When Gilt Groupe started back in 2007, it was a brilliant idea. Thanks to the plunging economy, retailers couldn’t get rid of their merchandise fast enough, and no one was willing to buy anything for less than a killer bargain. The environment was ideal for an e-commerce site to gather up the surplus items and package them in a recession-friendly way. In those days, those of us who still had an income (and even those who didn’t) would pore over the Gilt Groupe e-mail that we’d receive daily at 11:45 a.m., counting down the minutes and Gchatting about what we were hoping to buy when the sales went live at noon.
Gilt’s instant success meant that their plan was widely copied. A bunch of competitors soon popped up, and flash sale sites are now a dime a dozen. As the novelty wore off, so did the supply; stores adjusted their business plans to the recession, and people returned to buying retail as the economy began to recover. Gilt tried to adapt to the changing environment by expanding into new territories like wine, spa services, and home decor. They also launched two full-priced e-commerce sites, which proved to be ill-fated: Park & Bond, which sells menswear, is set to close once they run through their inventory, and Gilt Taste, which sells fancy food, has been scaled back. Gilt laid off a number of employees earlier this year, shuttering several offices nationwide.
Regardless of Gilt’s recent missteps, the Journal reports that the company is plotting an IPO bid for sometime in the next eighteen months, and that Ryan is stepping aside in favor of someone better-qualified to facilitate it. Finance-wise, the company is perfectly healthy these days, reporting plans to break even on sales of over $600 million this year. They’re relatively well-positioned for their IPO when it comes to the numbers, according to the Journal:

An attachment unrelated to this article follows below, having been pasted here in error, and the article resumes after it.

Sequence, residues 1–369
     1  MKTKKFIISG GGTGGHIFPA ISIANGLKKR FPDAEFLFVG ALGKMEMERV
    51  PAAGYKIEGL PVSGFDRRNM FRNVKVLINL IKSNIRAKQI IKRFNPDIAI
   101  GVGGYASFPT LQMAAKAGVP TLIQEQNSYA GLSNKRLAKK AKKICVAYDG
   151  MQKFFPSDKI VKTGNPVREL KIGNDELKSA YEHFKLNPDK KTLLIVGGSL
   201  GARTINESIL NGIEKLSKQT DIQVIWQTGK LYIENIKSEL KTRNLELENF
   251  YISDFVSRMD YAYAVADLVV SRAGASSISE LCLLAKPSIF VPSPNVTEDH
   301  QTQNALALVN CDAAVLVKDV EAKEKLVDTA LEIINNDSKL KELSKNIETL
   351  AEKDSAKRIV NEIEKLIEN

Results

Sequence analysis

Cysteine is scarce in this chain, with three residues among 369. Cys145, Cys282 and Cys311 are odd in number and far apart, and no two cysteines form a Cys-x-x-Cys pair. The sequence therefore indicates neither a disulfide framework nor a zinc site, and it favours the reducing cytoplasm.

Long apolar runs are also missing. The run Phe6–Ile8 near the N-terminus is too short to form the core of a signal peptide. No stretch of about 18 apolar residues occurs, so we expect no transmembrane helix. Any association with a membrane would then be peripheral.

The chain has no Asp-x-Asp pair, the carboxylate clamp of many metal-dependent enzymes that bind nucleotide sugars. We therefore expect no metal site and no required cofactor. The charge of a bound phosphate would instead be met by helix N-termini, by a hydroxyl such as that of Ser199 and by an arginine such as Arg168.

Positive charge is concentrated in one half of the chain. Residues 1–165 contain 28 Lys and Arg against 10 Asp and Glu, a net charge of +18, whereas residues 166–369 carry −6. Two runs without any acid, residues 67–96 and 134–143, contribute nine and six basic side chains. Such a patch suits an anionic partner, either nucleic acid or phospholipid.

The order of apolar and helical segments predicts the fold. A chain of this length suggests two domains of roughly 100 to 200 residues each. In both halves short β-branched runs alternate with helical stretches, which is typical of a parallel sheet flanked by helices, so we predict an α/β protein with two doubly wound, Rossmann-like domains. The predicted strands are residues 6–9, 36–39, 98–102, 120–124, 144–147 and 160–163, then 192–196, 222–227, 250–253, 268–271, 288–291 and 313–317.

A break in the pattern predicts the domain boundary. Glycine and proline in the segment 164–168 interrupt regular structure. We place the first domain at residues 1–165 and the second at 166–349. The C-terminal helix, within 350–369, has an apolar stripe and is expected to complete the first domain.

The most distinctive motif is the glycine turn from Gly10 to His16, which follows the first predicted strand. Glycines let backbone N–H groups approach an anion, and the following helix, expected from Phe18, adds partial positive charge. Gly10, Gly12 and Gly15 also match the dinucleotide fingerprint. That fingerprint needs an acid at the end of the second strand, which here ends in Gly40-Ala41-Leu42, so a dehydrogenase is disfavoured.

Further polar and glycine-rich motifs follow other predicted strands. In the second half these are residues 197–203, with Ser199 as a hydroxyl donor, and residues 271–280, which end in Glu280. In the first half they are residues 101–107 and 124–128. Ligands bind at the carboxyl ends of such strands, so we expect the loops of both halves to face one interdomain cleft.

Gilt was valued at $1 billion last May when it raised $138 million from Goldman Sachs Group and other firms. The company hasn’t raised any money since then, but its valuation has hovered between $880 million to $1.1 billion, according to July secondary market contracts for Gilt’s common stock listed on Sharespost.
The valuation was high for a company with just $370 million in revenue last year, a sign investors were betting on faster growth. Gilt doesn’t publicly report its results, but a person familiar with the matter said it expects to break even on sales of more than $600 million this year.
This is all well and good, but there’s no question that Gilt has lost much of its initial luster, from a consumer’s point of view. Will it stay at the forefront of the e-commerce world, continuing to develop fresh ideas to package products? Or will it continue to fade into the pack of flash sale sites that saturate your inbox every day?
While Ryan is expected to remain active on Gilt’s board, it’ll be interesting to see if he turns his attention to another new venture.